Leveraging Your Study Abroad Experience
Kelsie Stanley, SAI
November 25, 2014

Kelsie studied abroad with SAI Programs in  Florence (Spring 2012) and Sorrento (Summer 2013). Upon graduating from the University of South Carolina she began working with SAI as the University Relations Associate. Below are some of her tips for how to transfer your study abroad experience into a resume, cover letter and interview.

Kelsie Stanley

I hope this article will be useful and can inspire students to use their study abroad experience to the fullest.

During my first study abroad experience with SAI, I became enthralled with international education. Upon my first return, I took part in the SAI Ambassador program to promote international education at the University of South Carolina. While I was abroad for the second time I applied for an internship in the SAI home office in Sebastopol, California and was awarded a paid internship during the following summer. I was then able to learn about study abroad from a program provider’s standpoint and decided that I wanted to pursue a career in international education. My junior year I participated in the SAI Ambassador program again while I applied for an internship in Italy and also was awarded a Peer Leader position for the University of South Carolina’s Business in Turkey trip. That summer I traveled throughout Eastern Europe before arriving in Italy and working as a marketing intern at Sant’Anna Institute. While I interned, I learned about international education from a foreign university’s point of view and once again, was captivated. My final year of undergrad was spent working at the University of South Carolina’s study abroad office promoting SAI and study abroad in general. This was another eye-opening experience working at a U.S. higher education institution’s study abroad office. After that experience, I was certain that this was the field for me and I am so thankful that SAI had an entry-level position open right after graduation. I am now working for the company that started my love of international education and now every day of work is meaningful knowing that I am helping students start their journeys abroad and hopefully some of them fall in love with international education the way I did and pursue a career in it.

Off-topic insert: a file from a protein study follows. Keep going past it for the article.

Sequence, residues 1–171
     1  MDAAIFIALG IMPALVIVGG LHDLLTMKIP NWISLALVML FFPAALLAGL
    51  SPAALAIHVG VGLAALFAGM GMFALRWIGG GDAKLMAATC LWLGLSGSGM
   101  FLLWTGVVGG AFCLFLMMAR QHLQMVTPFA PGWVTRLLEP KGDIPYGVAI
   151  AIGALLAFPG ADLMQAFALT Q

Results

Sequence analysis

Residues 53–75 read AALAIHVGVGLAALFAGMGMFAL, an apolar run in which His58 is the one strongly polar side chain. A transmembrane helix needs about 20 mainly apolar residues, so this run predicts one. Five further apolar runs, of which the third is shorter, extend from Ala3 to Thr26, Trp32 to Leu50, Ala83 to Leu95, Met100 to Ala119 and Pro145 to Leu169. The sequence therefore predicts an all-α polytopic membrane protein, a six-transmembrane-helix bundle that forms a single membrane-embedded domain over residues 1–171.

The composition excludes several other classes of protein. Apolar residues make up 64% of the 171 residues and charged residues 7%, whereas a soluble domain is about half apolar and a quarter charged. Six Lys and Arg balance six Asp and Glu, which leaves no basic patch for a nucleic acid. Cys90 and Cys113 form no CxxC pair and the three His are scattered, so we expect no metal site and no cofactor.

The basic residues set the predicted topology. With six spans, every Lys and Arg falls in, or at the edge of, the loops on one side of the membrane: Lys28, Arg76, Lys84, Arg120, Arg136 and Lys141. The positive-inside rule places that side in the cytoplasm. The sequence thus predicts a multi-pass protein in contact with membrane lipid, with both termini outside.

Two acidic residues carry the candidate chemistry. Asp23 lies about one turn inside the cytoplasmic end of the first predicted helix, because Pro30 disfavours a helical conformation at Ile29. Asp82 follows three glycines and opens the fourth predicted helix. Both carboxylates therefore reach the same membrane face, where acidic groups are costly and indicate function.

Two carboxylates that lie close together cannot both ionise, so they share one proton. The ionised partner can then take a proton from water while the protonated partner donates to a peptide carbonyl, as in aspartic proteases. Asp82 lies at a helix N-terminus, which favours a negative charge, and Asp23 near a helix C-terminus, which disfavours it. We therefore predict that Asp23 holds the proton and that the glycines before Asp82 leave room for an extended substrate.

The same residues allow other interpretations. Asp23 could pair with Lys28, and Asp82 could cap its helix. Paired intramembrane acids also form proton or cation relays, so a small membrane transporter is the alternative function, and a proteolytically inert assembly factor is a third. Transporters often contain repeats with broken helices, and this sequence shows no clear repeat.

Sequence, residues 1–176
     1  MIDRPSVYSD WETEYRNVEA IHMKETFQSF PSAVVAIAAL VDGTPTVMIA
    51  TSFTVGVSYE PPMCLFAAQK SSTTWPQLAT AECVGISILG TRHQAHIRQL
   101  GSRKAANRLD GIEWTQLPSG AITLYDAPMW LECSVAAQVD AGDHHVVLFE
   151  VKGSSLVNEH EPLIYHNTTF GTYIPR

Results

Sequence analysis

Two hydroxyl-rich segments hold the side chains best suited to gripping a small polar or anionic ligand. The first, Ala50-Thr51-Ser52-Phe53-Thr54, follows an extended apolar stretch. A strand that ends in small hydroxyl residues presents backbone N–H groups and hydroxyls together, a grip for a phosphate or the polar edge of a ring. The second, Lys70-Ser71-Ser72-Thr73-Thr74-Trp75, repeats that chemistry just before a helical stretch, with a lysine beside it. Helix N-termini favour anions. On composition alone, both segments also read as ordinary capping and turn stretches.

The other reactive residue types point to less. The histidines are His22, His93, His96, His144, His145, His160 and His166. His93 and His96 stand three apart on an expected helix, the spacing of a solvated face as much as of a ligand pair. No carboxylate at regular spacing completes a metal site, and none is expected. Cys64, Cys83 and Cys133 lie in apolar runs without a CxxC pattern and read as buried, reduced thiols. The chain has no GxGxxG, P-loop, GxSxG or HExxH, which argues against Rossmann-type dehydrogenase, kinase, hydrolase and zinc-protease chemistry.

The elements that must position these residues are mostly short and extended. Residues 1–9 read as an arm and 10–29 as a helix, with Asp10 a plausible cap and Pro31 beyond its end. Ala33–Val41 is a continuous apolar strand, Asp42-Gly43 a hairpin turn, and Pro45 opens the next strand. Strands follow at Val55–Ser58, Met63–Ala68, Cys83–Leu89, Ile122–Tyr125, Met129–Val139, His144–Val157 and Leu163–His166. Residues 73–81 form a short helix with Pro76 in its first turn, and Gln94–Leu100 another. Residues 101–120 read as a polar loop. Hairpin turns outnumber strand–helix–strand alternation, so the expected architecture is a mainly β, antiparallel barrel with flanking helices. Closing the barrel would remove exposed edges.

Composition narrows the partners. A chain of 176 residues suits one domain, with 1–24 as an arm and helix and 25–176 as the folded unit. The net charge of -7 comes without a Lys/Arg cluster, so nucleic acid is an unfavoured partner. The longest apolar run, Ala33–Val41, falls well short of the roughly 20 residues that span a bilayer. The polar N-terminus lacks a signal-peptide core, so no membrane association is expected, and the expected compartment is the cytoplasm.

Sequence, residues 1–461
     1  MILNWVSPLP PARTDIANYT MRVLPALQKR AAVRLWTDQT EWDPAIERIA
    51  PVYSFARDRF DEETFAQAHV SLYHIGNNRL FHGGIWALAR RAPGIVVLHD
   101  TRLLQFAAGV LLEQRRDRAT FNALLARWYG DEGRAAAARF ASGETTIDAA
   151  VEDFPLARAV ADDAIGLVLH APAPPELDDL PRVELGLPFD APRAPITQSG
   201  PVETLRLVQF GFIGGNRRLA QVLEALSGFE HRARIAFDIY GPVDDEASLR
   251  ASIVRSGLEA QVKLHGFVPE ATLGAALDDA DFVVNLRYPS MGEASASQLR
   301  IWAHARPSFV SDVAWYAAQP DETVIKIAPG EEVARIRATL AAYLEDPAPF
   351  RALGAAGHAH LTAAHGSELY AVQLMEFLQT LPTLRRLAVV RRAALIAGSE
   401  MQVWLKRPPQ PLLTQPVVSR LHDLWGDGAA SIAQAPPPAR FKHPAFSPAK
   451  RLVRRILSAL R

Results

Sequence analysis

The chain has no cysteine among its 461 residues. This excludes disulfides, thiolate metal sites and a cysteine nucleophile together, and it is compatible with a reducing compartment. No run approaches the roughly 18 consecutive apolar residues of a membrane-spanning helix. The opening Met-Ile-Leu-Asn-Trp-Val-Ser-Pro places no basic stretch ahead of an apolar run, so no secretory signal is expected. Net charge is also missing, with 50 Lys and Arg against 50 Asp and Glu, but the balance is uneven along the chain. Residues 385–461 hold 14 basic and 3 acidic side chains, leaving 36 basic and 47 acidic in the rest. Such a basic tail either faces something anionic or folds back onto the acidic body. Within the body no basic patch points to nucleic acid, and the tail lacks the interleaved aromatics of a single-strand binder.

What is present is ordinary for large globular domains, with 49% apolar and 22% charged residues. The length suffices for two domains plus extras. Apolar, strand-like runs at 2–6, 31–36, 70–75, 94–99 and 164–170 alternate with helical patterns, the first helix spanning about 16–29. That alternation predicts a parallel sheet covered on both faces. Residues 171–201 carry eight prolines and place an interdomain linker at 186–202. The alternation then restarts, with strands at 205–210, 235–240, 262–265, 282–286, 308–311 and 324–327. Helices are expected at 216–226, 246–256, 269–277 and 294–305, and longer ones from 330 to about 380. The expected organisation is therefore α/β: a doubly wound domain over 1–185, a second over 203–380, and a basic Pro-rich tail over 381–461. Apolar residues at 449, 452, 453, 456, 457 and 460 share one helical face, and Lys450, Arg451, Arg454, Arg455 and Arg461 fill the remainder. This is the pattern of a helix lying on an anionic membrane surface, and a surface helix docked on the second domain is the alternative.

With the rapidly expanding global marketplace, employers are looking for candidates who have been exposed to and understand cross-cultural needs. When students return from abroad, it’s time to start thinking of their experience as value added to their professional portfolio. Even if the career they are pursuing isn’t international in theme or scope, they have gained skills that are applicable to any future professional situation. The next challenge is being able to communicate the skills and qualities they gained abroad and translate them to the workplace.

The exposure to new environments that study abroad students experience not only makes them more flexible to adapt to new surroundings and changing environments but it also helps to develop knowledge, skills and abilities that are desirable in any professional setting. Employers are looking for people who can understand other points of view, think globally, problem-solve, think on their feet; people who can jump into new situations with initiative and willingness to learn; people with good communication, conflict-resolution and relationship-building skills.

Some qualifications that are enhanced in most international experiences include: some level of foreign language proficiency, increased independence, cultural competency, and greater flexibility. Students also leave their foreign experience with increased confidence, independence and initiative while also being more aware of global, political, and economic issues. All of those are transferable skills. Thus, it is essential that students leverage their study abroad experience in their job search, especially in their resumes, cover letters, and interviews.

Below are some tips for resumes, cover letters and interviews:

Cover Letters
  • Discuss how your cultural competencies and other skills developed during study abroad and how they will benefit the employer
  • State that operating in a global arena, and having an international experience are key to working in today’s global market
  • List the program in the education section of your resume
  • If you worked or interned in a team project during study abroad, you can list it in the Work/Professional Experience section of your resume
  • If your resume includes a section for skills, include skills that you acquired or improved while abroad


  • Students can highlight a greater understanding of international market trends and global development opportunities.
  • When answering behavioral questions like, “Tell me about a time you resolved a conflict with a coworker or a classmate,” students can tell about a time they resolved a cultural misunderstanding and weave it into their response.
  • Michelle Obama recently gave an example of what students could use in an interview, “Traveling abroad has provided me with a greater knowledge and appreciation of global communities and how to effectively navigate around communication and cultural barriers.”
  • From studying abroad you’ve interacted with different cultures, managed a budget, planned and organized outings in other countries, gained the ability to adapt to new situations, and communicated across language barriers just to name a few!


Kelsie Stanley

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